Charles V and the Turks
The loss to the Turks of Constantinople, the ancient capital of the Eastern Empire, in 1453 had been a terrible blow to Christendom. It was the crusading dream of Charles V, argues Sinclair Atkins, to reconquer the Byzantine city.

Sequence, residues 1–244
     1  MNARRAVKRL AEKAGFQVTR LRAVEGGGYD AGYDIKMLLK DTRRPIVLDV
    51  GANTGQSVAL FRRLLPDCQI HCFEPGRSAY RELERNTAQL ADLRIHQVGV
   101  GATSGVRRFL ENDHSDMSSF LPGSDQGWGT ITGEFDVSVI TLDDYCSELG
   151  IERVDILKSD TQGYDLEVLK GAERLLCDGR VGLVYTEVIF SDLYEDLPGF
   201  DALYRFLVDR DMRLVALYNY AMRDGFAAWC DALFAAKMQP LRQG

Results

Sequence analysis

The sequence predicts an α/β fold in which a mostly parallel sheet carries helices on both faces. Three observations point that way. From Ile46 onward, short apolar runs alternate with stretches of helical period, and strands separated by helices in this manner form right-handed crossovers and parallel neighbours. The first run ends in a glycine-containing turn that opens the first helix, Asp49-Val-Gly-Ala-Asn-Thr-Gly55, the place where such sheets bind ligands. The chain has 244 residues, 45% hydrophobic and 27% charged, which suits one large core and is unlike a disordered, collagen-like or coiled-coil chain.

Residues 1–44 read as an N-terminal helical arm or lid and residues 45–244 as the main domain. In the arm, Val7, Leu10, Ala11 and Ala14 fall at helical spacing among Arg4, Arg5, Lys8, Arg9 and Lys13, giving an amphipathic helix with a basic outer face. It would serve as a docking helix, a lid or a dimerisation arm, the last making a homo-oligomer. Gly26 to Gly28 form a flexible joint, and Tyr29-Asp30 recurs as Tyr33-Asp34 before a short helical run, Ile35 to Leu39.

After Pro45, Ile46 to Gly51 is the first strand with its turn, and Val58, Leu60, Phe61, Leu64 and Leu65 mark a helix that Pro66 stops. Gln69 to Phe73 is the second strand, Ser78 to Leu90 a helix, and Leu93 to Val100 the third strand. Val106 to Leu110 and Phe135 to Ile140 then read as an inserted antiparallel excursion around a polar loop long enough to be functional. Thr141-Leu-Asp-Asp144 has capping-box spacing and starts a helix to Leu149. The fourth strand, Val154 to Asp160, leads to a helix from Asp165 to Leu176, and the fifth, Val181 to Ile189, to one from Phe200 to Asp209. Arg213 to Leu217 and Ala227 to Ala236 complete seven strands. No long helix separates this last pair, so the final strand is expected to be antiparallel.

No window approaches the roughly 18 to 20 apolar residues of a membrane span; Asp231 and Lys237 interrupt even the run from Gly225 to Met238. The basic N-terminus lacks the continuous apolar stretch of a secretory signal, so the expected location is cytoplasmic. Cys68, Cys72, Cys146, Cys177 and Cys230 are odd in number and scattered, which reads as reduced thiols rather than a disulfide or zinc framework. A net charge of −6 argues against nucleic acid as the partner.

Charles V was nurtured on the writings of a Burgundian gentleman, Olivier de La Marche, who wrote, beside his Memoirs , a long allegorical poem entitled Le Chevalier Dé . In the latter he extolled the virtues of Charles' great-grandfather, Charles the Bold of Burgundy, at whose court La Marche had lived and worked as a young man. The great Duke, wrote this author, had always burned to avenge the wrong done to the Faith in 1453, when the Turk conquered Constantinople and slew the Greek Emperor, 'the noblest person in the whole world'. Because of the niggardly nature of his enemy, Louis XI of France, Charles the Bold had been forced to take upon himself the whole burden of this great undertaking. This was why he found it necessary to subdue his neighbours, and, when he perished at Nancy in 1477, it was 'as a champion who had made God's cause his own'.